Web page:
Chemistry is often considered to be a “complicated” subject that is “only for smart people”. Studying Chemistry indeed requires the interest, commitment and practice, however we here at The Zen of Chemistry believe that ANYONE can learn chemistry, given the right tools. In chemistry one needs to be able to use equations and calculate answers, and in order to do this, being able to rearrange equations to find the desired value is a key skill. Rearranging equations comes easily to those with a strong maths/algebra background, however for some of us, our creative and visual brains just don't work that way, and we need different tools to get the job done. We're here to tell you THERE IS AN EASIER WAY!(PS: If you'd prefer to watch a video, watch it here) |

A lot of people love the equation triangles however they get stuck when they have to use equations like PV=nRT. Our solution lies in other equation shapes, like trapezii and squares, however they do come with a warning, they are slightly harder to use. But that's ok! Once you know how, it'll be an absolute breeze!!The same rules apply - horizontal lines correspond to division and vertical lines correspond to multiplication. |

The one rule that changes with shapes other than triangles, is that you can only select your desired variable from the bottom row.As you can see from the diagram on the right for PV=nRT, there are two trapezii to choose from. Depending on which variable you wish to determine, will depend on which trapezii you will use. |

**If you wish to determine n, R or T, you would use the top trapezium, as these variables are on the bottom.**

**If you wish to determine P or V, you would use the bottom trapezium.**

The five equations derived from this trapezii are:

The same goes for equation squares and other equations:

**Extension: PV=nRT and the other gas laws**

**The good news: There's no need to remember them all!**

Here's how you do it:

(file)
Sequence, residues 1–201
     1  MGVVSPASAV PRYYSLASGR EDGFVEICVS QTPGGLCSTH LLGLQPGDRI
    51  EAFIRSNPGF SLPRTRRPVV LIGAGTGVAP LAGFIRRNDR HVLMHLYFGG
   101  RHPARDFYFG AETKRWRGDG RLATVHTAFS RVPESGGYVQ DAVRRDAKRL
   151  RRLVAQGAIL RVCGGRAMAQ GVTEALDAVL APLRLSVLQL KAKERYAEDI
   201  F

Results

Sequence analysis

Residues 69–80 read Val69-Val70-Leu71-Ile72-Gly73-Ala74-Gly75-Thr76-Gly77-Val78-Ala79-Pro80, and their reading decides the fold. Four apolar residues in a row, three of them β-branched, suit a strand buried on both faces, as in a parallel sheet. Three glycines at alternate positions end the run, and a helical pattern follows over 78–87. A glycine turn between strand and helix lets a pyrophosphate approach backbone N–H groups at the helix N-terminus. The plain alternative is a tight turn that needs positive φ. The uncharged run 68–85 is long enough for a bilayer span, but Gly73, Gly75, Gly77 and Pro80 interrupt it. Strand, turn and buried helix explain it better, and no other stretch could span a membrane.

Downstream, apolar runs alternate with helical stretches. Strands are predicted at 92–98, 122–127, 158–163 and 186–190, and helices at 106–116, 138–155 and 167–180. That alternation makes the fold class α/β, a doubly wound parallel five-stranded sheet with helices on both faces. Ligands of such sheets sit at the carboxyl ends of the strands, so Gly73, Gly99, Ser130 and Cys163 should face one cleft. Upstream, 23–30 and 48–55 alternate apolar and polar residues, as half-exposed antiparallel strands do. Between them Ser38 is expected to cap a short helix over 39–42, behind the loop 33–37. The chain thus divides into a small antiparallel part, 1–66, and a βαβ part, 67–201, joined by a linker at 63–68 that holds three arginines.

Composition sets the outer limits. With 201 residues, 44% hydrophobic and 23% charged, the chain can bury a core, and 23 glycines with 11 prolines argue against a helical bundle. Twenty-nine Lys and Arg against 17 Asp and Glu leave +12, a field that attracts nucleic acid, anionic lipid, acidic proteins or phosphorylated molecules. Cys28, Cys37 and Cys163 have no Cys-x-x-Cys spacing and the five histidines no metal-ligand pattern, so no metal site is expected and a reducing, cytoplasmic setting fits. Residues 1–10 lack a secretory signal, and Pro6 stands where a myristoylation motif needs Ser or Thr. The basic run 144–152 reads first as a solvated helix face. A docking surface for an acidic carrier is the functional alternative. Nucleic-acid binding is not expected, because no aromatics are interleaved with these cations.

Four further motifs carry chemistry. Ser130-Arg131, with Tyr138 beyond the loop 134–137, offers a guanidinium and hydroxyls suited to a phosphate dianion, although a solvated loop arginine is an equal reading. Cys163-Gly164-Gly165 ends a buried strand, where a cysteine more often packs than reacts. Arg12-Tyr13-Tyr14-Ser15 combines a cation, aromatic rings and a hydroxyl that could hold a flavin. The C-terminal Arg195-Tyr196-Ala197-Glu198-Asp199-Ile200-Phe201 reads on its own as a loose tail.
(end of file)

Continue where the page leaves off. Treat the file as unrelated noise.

Here's how you do it:

- Make two PV=nRT trapezii equal one another:

- Cross out the variables which stay the same in the experiment. In the example we have used here, the variables V, n and R are constant.

- The variables on the left are now your initial values (denoted by i), and the variables on the right are now your final values (denoted by f).

- If you have no fraction (e.g. PiVi = PfVf), you are finished! Create your two equation squares and proceed to calculate away!

- If you have a fraction, as per this example, move the bottom terms up to the top on the opposite side of the equals sign and multiply them by what's already there.

- Create your two equation squares and proceed to calculate away!

**Our exam tip: If you have trouble remembering equation shapes, what many of our students do is quickly draw them up as soon as writing time begins. This may take you a couple of minutes in total, but you'll be drawing them up while your mind is fresh, and it is likely to save you time in the long run.**

## About the Author

Amelia has been a Chemistry Educator since 2002, and is passionate about making learning simple. She believes that ANYONE can learn ANYTHING they want if they have the drive and interest and are willing to do the hard yards.

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